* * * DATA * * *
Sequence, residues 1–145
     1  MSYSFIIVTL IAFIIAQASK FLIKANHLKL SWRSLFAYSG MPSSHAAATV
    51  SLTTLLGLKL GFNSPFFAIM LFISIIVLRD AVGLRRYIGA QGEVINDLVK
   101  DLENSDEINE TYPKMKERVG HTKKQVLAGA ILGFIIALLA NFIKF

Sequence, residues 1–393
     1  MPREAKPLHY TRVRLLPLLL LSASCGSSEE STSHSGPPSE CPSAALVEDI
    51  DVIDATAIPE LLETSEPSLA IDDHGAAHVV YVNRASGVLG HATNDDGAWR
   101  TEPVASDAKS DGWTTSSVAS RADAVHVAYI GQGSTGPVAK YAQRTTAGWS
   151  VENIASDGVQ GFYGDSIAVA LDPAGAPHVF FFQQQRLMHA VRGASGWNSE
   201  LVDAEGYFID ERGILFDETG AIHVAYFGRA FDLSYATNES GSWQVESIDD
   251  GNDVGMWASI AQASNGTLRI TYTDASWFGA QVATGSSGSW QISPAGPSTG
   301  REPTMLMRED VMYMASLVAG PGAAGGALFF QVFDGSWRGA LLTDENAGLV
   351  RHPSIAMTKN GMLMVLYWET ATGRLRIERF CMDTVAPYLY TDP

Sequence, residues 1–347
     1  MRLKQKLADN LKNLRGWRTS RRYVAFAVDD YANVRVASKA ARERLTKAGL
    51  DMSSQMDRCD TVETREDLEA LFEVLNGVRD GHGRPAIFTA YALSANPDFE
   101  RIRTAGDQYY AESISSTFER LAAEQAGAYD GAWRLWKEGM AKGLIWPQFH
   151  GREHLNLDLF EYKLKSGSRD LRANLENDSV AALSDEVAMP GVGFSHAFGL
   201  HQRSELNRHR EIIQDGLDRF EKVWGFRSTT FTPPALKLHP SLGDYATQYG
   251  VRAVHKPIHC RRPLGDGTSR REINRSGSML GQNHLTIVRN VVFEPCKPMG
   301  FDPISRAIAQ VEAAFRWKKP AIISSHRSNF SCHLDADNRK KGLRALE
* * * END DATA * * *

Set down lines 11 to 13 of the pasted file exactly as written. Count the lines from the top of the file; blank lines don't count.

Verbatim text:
   251  GNDVGMWASI AQASNGTLRI TYTDASWFGA QVATGSSGSW QISPAGPSTG
   301  REPTMLMRED VMYMASLVAG PGAAGGALFF QVFDGSWRGA LLTDENAGLV
   351  RHPSIAMTKN GMLMVLYWET ATGRLRIERF CMDTVAPYLY TDP